This year is Redwood National Park's 50th Anniversary. There will be special events, exhibits, programs and educational opportunities for you. Some of these are inside the park, some of these are will be in our neighboring communities and towns. Find out more about our 50th anniversary events.
1111 Second Street
Crescent City, CA 95531
Redwood National and State Parks is located in northernmost coastal California - almost on the Oregon border. The parks are about 60-miles long, with four visitor centers from north to south. We are a six to seven-hour drive (325 miles) north of San Francisco, a six-hour drive (330 miles) south of Portland, OR and a four-hour drive (170 miles) west of Redding, CA.
Visitors should be prepared for cooler and damp weather. Dress in layers and expect to get wet. Year-round temperatures along California's redwood coast: mid-40s°F (7°C) to mid-60s°F (18°C). Summer can be foggy, with highs occasionally reaching low 70s°F (20°C). Winters are cooler with considerable rain. October through April averages 60-80 inches of rain over the region.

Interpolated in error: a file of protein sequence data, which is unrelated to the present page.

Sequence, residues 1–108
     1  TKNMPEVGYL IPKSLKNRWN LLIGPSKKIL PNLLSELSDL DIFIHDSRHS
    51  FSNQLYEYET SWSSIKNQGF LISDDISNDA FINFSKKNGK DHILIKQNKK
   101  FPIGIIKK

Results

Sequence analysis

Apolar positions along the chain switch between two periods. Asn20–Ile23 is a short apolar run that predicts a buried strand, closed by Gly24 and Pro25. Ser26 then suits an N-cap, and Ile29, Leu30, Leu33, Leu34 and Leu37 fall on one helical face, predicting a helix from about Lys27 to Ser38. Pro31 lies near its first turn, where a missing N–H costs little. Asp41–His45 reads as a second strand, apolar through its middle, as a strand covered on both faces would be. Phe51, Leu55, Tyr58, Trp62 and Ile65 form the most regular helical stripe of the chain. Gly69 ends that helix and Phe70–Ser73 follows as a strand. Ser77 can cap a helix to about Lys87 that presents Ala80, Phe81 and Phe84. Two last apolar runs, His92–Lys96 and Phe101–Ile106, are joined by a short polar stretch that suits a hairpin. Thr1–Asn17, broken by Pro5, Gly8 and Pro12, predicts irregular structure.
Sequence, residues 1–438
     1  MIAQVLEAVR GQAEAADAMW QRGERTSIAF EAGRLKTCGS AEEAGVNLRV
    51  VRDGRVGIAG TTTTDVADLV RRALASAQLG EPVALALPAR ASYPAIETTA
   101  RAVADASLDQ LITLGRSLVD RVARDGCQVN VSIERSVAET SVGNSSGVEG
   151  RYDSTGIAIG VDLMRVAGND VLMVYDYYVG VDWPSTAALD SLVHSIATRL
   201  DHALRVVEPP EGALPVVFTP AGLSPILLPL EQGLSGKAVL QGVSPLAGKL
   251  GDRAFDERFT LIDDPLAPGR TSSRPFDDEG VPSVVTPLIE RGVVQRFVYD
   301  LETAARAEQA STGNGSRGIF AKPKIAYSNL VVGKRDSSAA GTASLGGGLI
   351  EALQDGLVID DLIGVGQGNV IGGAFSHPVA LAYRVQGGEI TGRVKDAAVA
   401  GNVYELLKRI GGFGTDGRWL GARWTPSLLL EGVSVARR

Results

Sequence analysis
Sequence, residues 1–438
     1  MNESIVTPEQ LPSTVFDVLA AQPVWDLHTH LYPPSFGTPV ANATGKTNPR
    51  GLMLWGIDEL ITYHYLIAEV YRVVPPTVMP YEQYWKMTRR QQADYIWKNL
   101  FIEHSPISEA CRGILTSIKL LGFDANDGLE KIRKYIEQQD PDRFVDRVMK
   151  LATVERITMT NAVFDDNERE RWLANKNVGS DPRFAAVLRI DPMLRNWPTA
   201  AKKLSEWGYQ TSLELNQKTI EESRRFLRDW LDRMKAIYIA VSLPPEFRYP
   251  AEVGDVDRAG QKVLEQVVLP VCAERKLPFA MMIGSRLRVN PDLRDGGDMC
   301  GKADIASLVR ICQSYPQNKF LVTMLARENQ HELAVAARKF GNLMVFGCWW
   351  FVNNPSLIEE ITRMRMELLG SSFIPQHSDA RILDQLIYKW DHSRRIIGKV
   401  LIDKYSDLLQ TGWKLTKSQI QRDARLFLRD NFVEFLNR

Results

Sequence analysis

Redwood National and State Parks are fee free with the exception of day use areas within the Prairie Creek Redwoods, Del Norte Coast Redwoods, and Jedediah Smith Redwoods State Parks. Both state park day use passes and Interagency Federal Passes (Senior, Annual, Access, etc.) are accepted within these three state parks.
Fern Canyon is within a day use area and requires paying a day use fee of $8 per car or showing a federal or state pass.
Redwood National Park Entrance Fee - $0.00
There are no entrance stations in the National Park. The only entrance fee is to the Gold Bluffs Beach section of Prairie Creek Redwoods State Park.
Gold Bluffs Beach - Day Use fee. - $0.00
Entry fee for one vehicle, valid for one day.
Gold Bluffs Beach - Day Use Entrance Fee - $8.00
For vehicle access to Fern Canyon and Gold Bluffs Beach Campground. Currently, this is the only entrance fee in Redwood National and State Parks.
Entrance Fees - $0.00
There are no entrance stations or fee booths as you drive the highways and scenic parkways through the parks. The only entrance fee is to Gold Bluffs Beach / Fern canyon.
Entrance Fees - $0.00
There are no entrance fees into Redwood National Park. There are no fees to drive The Newton B. Drury Scenic parkway, or Howland Hill Road in the state parks.